Why the rush to condemn a carbon tax?

This week, the House of Representatives is scheduled to vote on an anti-carbon tax resolution introduced by Majority Whip Rep. Steve Scalise (R-La.) and backed by a dogged set of corporate climate hoaxers. This language is nothing new; the same non-binding measure passed in 2016. But still, the effort leaves many on the EcoRight scratching heads.

Why the rush to condemn policy that hasn’t been thoroughly debated beyond the pages of editorial boards and boardrooms of those hoping for an unlikely coal renaissance?

{mosads}After all, even with the support of elder statesmen and scores of young conservatives calling for some form of carbon tax or carbon dividend, even with Exxon Mobil leaving the American Legislative Exchange Council over disagreements on climate policy, the House of Representatives is far from likely to bring up a carbon bill anytime soon. Even in our optimistic, scrappy community of conservatives advocating for free market climate action, none of us actually believes congressional debate of a carbon tax is imminent.


So why the rush? The carbon tax/dividend community recognizes we’re still pushing Sisyphus’s rock up Capitol Hill. Does Scalise think we’re about to crest?

Of course, a carbon tax isn’t coming to the House or Senate floor anytime soon, but it’s high time for Republican leadership to get off the denial bus and bring solutions to the table steeped in conservative principles. Though he remains beholden to party talking points, my ardent hope is that behind closed doors, House Speaker Paul Ryan (R-Wis.) understands a carbon tax is the most viable path forward. And Scalise should get it too, coming from Louisiana, a state which would fare well under a carbon tax according to modeling done by the conservative-led Alliance for Market Solutions.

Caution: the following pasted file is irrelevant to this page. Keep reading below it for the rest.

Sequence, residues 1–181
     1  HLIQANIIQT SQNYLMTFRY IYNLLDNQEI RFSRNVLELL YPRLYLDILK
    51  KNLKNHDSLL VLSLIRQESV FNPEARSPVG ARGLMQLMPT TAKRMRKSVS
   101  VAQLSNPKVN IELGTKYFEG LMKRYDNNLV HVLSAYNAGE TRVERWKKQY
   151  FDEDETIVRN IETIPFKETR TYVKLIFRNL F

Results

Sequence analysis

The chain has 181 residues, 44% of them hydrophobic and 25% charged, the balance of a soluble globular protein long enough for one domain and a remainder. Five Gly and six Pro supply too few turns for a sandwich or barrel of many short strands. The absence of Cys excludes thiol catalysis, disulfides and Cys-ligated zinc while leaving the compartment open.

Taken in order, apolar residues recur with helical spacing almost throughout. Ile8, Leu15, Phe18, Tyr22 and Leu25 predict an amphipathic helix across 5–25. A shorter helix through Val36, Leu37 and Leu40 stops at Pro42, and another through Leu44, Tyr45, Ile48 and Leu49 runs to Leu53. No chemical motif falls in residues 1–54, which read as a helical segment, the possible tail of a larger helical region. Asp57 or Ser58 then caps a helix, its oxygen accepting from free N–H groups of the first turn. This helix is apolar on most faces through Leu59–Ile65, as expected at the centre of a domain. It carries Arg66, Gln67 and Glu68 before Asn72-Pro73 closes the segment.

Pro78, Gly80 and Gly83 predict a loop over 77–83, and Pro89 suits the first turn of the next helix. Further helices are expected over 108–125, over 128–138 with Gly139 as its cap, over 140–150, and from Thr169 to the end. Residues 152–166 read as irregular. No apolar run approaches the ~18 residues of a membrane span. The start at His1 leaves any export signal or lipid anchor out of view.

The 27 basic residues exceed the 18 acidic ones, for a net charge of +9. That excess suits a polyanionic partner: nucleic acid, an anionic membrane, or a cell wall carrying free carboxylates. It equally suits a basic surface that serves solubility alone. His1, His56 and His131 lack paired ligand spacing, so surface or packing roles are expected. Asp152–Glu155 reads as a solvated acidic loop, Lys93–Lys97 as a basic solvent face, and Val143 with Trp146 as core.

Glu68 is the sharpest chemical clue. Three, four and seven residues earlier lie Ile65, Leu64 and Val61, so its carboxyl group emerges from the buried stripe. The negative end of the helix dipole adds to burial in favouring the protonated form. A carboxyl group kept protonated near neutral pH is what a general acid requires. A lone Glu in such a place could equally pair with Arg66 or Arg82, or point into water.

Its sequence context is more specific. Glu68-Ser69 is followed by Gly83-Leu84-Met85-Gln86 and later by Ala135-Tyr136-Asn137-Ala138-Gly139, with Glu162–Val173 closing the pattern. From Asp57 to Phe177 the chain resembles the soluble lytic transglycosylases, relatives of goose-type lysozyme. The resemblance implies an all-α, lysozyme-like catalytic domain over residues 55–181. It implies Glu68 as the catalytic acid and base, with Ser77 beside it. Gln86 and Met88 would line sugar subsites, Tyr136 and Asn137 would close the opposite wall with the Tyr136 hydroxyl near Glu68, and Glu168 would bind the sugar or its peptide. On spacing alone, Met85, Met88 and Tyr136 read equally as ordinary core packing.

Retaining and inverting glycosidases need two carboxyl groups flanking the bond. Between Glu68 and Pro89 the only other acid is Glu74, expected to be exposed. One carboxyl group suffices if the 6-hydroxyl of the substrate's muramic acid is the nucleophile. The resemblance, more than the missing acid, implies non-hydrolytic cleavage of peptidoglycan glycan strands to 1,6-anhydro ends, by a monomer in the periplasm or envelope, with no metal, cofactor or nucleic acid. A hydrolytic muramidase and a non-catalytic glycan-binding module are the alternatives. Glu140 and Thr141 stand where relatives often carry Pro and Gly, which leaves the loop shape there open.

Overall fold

Providing further cover: former Sen. John Breaux (D-La.) would not have teamed up with former Senate Majority Leader Trent Lott (R-Miss.) to launch Americans for Carbon Dividends if such a policy would harm the Bayou state. A carbon tax, the preferred compliance mechanism of conservatives and economists, is the right (no pun intended) solution for solving climate change. 

With no pressure coming from EcoRight carbon tax allies and no discernable benefits to the state of Louisiana, one can only conclude Scalise is motivated by drive to be Speaker. If that’s his motivation, he and his staff should review the facts.

A majority of Republican voters say “climate change is happening,” increasing by 16 percent in the past two years, from 40 percent to 56 percent today. Nearly seven of every 10 Republican voters say the government should take action to address climate change. And support for a carbon tax among Republican voters grows from 35 percent to 51 percent after respondents hear strong arguments both for and against the concept.

Scalise should drop this pointless resolution and instead use his position to argue for free market climate solutions. Isn’t it time to have the carbon tax debate out in the open rather than hide behind a powerless resolution that reflects the desperate reach of the fossil fuel industry more than it represents the people whom the House of Representatives serve?

How refreshing it would be in the hot and humid days of D.C. summer to see leadership acting with courage instead of being distracted by outdated messaging. Scalise should shift his attention away from anti-carbon tax rhetoric and to recent modeling that shows a carbon tax will reduce emissions and benefit the economy — and then take a bold step toward meaningful instead of non-binding action. 

Chelsea Henderson is the director of Editorial Content for republicEN.org. She previously worked as a former U.S. Senate staffer on the Environment and Public Works Committee and as senior climate advisor to Sen. John Warner (R-Va.).

Tags Carbon tax Chelsea Henderson climate Environment Paul Ryan Steve Scalise

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